Please submit a hard copy of your title page signed by your two advisers, AND an electronic copy (in Word) of your research report, abstract and title page (sample of abstract and title page form below) to Tami Ali, Graduate Group in Preventive Veterinary Medicine, School of Veterinary Medicine Administrative Building, 944 Garrod, room 1022, at least 14 days prior to the presentation. A copy of all abstracts will be provided to everyone at the presentation. We MUST have your paper in by the deadline in order to allow time for it to be read by a third reviewer (assigned by the Chair of the MPVM Program), prior to your oral presentation. We suggest that you also provide your two advisers with a copy of your paper.
The third reader will review the MPVM project as any reviewer would review a manuscript submitted for publication in a scientific journal. He/she will share his/her comments with you before the MPVM project presentation date, and you should revise your MPVM project accordingly, in consultation with your two project advisers. Ideally, the third reader will also be present at the oral presentations to ask questions during the discussion session for your paper.
When your paper is completely finalized (i.e., after you have made all corrections and changes requested by the third reviewer) and ready for binding, provide an electronic version without line and page numbers to Tami Ali. This must be done by the last day of the quarter in order to graduate.
Examples of a Title Page and Abstract are provided below:
Comparison of histologic reproductive lesions and serologic responses in virgin heifers experimentally inoculated with Tritrichomonas foetus, Pentatrichomonas hominis or Tetratrichomonas sp.: Are Non-T. foetus trichomonads pathogenic for cattle?
By Alana C. McQuarry, D.V.M.
Submitted in Partial Fulfillment of the
Requirements for the Degree
MASTER OF PREVENTIVE VETERINARY MEDICINE (MPVM)
Office of Graduate Studies
University of California, Davis
Reviewed and Approved by Robert H. BonDurant, D.V.M.
Professor and Department Chair; Veterinary Medicine: Population Health and Reproduction
Philip H. Kass, D.V.M., Ph.D.
Professor; Veterinary Medicine: Population Health and Reproduction
Example Abstract (this example is formatted as specified for Journal of the American Veterinary Medical Association)
Objective – To evaluate whether non – T. foetus trichomonads are pathogenic to cattle.
Design – Randomized experimental trial.
Animals – 44 virgin beef heifers.
Procedure – Heifers were placed into one of four groups and intravaginally inoculated with either T. foetus (n=8), Pentatrichomonas hominis (n=14), Tetratrichomonas sp. (n=14), or media control (n=8). Cervical vaginal mucus (CVM) was cultured weekly in a commercially prepared media and assayed with an ELISA for anti-trichomonad IgA antibodies. Blood samples were taken from each heifer, and a hemolytic assay (HA) for antibodies to T. foetus was performed on these samples from weeks 0, 2, 4, 6, and 8. Histopathology was performed on all layers of vaginal and uterine tissue to evaluate overall inflammation and cell types involved.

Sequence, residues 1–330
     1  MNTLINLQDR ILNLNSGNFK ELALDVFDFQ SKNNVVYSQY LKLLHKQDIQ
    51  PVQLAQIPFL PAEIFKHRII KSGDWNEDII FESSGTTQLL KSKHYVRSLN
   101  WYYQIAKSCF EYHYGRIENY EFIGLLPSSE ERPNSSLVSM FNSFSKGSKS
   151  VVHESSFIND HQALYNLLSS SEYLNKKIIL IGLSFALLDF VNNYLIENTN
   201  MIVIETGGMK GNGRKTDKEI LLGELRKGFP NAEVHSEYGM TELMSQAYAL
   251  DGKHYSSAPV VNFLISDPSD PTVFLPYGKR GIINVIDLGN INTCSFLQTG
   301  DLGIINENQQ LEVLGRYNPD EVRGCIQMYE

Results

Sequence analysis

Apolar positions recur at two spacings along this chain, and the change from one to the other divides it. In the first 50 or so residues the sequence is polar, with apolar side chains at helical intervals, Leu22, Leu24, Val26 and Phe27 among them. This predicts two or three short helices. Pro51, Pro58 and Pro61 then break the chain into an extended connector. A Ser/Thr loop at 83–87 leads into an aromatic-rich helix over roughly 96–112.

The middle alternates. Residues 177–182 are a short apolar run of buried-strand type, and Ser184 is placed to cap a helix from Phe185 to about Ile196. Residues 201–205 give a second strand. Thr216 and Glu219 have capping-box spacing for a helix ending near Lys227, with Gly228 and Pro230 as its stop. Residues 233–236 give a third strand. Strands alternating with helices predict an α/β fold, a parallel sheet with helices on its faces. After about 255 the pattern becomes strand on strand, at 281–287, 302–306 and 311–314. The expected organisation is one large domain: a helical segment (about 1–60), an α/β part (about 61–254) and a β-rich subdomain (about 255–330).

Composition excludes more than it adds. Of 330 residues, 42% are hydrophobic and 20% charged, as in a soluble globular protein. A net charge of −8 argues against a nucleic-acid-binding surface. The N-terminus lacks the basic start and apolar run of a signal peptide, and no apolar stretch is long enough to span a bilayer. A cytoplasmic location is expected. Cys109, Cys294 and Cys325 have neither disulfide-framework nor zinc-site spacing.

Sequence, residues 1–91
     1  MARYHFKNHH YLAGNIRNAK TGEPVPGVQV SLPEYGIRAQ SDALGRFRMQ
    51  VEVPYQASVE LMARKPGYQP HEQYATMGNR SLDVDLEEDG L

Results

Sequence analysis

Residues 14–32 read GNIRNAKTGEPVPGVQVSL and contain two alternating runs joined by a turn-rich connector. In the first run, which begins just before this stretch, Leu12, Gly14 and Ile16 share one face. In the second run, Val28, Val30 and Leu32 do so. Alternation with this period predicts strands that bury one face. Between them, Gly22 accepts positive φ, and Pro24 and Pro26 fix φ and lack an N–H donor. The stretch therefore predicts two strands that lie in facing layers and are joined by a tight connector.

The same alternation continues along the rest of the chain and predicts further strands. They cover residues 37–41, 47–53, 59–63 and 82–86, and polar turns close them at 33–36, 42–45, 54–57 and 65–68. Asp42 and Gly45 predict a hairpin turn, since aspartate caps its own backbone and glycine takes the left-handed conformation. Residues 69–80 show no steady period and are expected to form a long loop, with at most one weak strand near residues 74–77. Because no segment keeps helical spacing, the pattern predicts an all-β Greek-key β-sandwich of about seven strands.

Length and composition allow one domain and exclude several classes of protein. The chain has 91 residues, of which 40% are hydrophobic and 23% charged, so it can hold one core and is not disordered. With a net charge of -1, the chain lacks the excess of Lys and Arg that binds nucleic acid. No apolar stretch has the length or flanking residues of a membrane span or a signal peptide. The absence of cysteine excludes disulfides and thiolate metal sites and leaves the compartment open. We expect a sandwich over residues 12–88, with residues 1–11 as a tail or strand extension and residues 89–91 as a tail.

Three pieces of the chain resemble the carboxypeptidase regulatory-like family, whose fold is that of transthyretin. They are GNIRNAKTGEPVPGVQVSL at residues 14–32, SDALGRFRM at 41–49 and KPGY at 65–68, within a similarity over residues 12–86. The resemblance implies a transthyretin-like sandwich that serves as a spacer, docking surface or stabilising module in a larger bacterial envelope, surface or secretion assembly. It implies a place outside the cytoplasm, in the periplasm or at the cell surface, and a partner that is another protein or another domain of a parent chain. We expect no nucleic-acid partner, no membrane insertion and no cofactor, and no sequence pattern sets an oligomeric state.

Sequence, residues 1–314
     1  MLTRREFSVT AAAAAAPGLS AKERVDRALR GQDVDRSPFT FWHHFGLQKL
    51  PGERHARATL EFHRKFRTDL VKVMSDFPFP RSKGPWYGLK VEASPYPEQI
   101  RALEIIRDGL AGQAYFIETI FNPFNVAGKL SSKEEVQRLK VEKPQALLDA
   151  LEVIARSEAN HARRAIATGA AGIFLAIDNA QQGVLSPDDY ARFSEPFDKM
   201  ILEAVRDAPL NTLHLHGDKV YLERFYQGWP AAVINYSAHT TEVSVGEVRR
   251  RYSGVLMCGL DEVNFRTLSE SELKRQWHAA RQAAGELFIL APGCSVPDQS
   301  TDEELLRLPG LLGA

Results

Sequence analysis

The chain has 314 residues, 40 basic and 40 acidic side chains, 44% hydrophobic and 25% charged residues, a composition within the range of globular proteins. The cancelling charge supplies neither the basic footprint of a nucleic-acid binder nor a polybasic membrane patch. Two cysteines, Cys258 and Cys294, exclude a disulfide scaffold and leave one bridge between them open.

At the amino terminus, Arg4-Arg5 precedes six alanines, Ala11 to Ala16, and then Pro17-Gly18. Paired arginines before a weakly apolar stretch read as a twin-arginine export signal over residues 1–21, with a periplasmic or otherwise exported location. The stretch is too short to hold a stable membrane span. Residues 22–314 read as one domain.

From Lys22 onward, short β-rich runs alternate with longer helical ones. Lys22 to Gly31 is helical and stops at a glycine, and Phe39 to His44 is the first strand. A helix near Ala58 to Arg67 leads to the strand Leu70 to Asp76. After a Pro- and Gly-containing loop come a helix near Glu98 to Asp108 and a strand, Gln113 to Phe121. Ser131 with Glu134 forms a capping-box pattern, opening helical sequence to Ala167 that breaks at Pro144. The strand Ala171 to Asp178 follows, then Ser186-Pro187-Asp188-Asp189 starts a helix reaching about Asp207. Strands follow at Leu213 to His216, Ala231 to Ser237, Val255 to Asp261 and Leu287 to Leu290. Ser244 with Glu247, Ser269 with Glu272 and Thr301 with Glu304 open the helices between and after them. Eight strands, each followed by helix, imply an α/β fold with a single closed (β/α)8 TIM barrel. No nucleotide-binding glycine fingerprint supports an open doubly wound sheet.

Results – Of the four groups, only T. foetus-inoculated heifers had persistently positive culture results. Additionally, vaginal and uterine mucosal inflammation scores were worse for T. foetus infected heifers than controls. All trichomonads were found to incite a serosal eosinophilic response. Tissues from heifers inoculated with Pentatrichomonas and Tetratrichomonas were not significantly different (p > 0.20) from media control heifers.
Conclusions and Clinical Relevance – Given that trichomonosis is a disease wherein long term presence of the etiologic agent is associated with tissue-damaging host responses, the failure of non-T. foetustrichomonads to colonize and persist in the female genital tract strongly suggests that they do not contribute to a trichomonosis-like disease syndrome.
VI. Oral Presentation of MPVM Projects
Four oral presentation dates are scheduled each year:
a. The first part of September, two weeks prior to start of Fall quarter (9/13 is main (preferred) presentation date).
b. The last Friday of instruction for Fall Quarter.
c. The last Friday of instruction for Winter Quarter.
c. The last Friday of instruction for Spring Quarter.
Format for presentations is similar to that of international scientific meetings. Each presentation is allocated a total of 15 minutes: 10-12 minutes for presentation of the project and 3-5 minutes for discussion.
Most presentations are in PowerPoint. Be sure to review with your advisors the tables, graphs, etc. that you select, and include only those necessary to effectively communicate your message. Be especially careful that tables and figures do not include too much information and that they can be read from the back of the room.
As presentations last no longer than ten minutes, it would be helpful to have a mock presentation with both advisors well in advance of the presentation date, allowing sufficient time to make any suggested changes in your presentation.